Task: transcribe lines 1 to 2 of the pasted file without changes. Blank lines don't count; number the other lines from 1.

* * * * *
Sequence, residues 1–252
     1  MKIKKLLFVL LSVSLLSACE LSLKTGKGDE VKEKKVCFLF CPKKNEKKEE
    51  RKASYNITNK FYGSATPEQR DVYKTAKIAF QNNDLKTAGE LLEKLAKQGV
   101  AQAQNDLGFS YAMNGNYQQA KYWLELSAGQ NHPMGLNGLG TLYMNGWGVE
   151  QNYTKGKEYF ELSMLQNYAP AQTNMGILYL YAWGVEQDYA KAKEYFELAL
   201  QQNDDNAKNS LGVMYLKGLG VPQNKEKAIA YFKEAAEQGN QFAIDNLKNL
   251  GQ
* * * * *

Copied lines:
Sequence, residues 1–252
     1  MKIKKLLFVL LSVSLLSACE LSLKTGKGDE VKEKKVCFLF CPKKNEKKEE